Trump is spewing conspiracy theories to make his case and amplifying them on social media. One conspiracy theory says that votes from districts that happen to be largely black are chock full of fraudulent ballots. What Trump supporter won’t eat up that claim?

Trump’s wilder conspiracy theory is that Clinton and Soros have teamed up with Antifa and Black Lives Matter to change votes on a server in Germany owned by Dominion, a company started by Hugo Chavez in Venezuela to control elections there. I’m not kidding.

Trump has given so much credence to conspiracy theories that they’re popping up everywhere. It seems like a day doesn’t go by when conspiracy theories move Americans to violence.

Covid-19 is the icing on Trump’s social media-fueled conspiracy theory disinformation festival. Having lived through the AIDS crisis of the 1980s and 1990s, I’m not surprised to see Covid-19 denialism the same way I saw HIV denialism.

Here’s one example of how Covid-19 news is misinterpreted to fit a point of view and then amplified on social media. A Danish study of face masks published last week has anti-maskers in a tizzy. Data for the study were collected last spring as Covid-19 was breaking out in Europe. The study is well designed, but unfortunately its results are being misinterpreted as saying that masks don’t work.

I spent the better part of a day last week pointing out to a group of anti-maskers / anti-vaxxers that, in spite of what headlines say, the Danish mask study did not say that masks were ineffective against Covid-19 transmission. The study says masks are ineffective in a very strict set of circumstances and, in these specific set of circumstance, masks failed to protect the wearer against infection. What the study explicitly did not say is 1) that masks fail to protect the wearer from infections in different circumstances, 2) that masks fail to protect others from an infectious wearer, and 3) that masks don’t reduce the severity of infections by reducing the amount of virus transmitted.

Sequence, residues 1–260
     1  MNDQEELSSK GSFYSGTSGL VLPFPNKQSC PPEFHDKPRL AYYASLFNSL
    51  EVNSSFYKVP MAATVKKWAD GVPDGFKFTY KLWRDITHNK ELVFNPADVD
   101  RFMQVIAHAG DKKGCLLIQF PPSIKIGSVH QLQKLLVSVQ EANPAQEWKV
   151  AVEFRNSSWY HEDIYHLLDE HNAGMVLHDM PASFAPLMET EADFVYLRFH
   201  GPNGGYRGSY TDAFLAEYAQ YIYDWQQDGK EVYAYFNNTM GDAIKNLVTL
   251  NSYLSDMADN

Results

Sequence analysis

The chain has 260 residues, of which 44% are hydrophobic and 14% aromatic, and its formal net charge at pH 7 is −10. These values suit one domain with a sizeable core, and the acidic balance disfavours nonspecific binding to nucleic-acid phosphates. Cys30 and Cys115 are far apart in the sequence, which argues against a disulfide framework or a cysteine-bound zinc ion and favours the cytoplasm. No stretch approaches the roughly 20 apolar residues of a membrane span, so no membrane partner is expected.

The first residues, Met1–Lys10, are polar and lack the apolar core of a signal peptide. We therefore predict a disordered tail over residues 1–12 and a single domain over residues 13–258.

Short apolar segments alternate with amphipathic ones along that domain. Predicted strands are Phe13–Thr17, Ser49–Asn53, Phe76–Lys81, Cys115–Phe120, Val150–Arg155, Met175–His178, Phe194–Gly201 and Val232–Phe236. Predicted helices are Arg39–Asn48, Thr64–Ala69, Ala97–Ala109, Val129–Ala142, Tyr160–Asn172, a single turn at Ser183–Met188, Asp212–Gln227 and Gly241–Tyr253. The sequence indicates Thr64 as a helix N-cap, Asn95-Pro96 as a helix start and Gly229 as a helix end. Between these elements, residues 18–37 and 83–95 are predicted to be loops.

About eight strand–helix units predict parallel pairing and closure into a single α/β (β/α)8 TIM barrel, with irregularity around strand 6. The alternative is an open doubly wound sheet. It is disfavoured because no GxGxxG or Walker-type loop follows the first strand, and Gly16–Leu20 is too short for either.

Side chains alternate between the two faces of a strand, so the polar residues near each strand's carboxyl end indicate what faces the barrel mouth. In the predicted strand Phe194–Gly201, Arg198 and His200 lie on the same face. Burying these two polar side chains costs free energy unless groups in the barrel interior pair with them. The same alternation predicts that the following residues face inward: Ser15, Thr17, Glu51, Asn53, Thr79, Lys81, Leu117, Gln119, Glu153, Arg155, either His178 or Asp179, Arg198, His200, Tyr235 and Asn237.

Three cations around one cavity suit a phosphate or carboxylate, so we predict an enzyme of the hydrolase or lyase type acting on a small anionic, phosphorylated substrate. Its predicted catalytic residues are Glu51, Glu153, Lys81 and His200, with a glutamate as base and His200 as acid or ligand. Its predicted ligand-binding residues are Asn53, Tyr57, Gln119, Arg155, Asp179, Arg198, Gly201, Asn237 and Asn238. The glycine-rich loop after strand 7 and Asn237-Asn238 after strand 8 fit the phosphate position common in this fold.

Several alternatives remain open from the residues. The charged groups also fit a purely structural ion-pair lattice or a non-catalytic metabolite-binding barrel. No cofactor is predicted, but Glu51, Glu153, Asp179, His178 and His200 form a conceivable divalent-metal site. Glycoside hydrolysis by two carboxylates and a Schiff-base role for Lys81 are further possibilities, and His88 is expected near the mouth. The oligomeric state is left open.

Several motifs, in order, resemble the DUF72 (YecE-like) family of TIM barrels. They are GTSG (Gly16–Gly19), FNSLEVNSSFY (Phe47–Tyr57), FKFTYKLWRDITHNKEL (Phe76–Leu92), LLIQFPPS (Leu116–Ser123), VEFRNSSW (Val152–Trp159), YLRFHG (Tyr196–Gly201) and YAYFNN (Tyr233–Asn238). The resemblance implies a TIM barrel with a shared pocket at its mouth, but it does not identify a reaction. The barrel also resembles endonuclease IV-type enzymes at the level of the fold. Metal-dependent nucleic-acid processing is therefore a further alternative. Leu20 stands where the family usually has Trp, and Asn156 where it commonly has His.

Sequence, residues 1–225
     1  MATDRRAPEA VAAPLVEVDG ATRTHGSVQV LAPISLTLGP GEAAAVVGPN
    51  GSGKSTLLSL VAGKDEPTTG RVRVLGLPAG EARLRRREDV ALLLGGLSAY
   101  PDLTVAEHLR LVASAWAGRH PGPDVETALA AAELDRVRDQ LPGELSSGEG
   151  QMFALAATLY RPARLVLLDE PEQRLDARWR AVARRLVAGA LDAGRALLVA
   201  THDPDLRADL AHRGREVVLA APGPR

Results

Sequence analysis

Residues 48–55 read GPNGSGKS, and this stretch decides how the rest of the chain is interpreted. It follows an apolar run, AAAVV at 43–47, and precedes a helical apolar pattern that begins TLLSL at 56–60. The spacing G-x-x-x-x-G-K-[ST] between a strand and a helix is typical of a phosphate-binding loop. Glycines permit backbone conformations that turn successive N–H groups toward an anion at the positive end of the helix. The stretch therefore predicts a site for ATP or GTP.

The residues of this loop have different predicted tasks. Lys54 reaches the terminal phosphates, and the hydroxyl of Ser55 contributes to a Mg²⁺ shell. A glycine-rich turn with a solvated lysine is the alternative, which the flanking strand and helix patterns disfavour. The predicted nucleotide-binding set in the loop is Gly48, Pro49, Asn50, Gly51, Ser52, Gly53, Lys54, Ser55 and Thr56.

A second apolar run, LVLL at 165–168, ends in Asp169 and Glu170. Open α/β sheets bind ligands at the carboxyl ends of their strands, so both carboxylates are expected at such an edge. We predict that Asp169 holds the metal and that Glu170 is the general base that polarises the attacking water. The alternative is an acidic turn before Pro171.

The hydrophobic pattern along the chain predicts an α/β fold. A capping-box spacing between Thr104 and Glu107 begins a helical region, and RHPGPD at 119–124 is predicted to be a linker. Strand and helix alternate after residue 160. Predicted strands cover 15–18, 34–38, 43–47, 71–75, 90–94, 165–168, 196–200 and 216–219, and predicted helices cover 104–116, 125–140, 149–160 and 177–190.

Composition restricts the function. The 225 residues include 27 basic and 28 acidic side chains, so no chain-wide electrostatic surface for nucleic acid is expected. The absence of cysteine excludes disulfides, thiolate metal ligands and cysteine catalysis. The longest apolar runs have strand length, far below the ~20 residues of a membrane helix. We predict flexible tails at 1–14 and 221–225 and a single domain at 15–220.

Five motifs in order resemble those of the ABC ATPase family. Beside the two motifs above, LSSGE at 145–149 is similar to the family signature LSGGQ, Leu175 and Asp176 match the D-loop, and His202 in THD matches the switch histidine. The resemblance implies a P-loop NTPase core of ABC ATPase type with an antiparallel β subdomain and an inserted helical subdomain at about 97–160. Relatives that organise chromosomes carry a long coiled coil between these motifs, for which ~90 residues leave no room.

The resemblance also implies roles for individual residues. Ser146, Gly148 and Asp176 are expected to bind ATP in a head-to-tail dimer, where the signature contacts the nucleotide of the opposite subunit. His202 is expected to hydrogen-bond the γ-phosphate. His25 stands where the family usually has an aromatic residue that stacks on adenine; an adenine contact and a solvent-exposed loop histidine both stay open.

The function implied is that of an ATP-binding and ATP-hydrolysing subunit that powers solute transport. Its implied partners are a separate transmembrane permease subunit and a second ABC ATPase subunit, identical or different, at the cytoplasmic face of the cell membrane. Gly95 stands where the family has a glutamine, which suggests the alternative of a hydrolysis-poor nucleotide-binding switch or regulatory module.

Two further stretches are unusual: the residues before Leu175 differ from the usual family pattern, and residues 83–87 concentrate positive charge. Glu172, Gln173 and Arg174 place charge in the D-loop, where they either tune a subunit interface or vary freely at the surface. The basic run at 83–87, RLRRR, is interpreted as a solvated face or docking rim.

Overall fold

Even though all three of those things are probably true (that masks protect the wearer in many circumstances, that masks protect others around the wearer in many circumstances, and that masks reduce viral load of an infection, so, the severity of the resulting infection), the anti-maskers say they need proof. Of course. Even after I pointed out that US states have seen Covid-19 infections drop after mask requirements, the anti-maskers wanted proof. Even after I pointed out the study’s author advocates for wearing masks, the anti-maskers wanted proof.

There is more and more data that Covid-19 restrictions, including masking, do work.

The case of the Danish mask study shows that one poorly written headline gives believers permission to misinterpret important public health information in a way that fits their preconceived notions, and then to amplify their misinterpretations through social media.

Covid-19 bits.

Let’s end today’s entry with Quarantined with You, a song from Catalan musician G’beats (h/t Brad!).

I write this for my own sanity. If you like it, please mention it to friends and family. Follow me on Twitter for more frequent updates. Thanks!

15 November 2020 – Sunday – #121

It’s just really weird right now. I don’t know how else to say it. The convergence of good and terrible Covid-19 news, the winter holidays around the corner, and Trump’s faux-coup have given the world a dystopian glaze.

Catalonia has shown its colors. First off, the Covid-19 restrictions imposed a month ago continue to drive down new cases and hospitalizations. Deaths should peak and decline soon, too.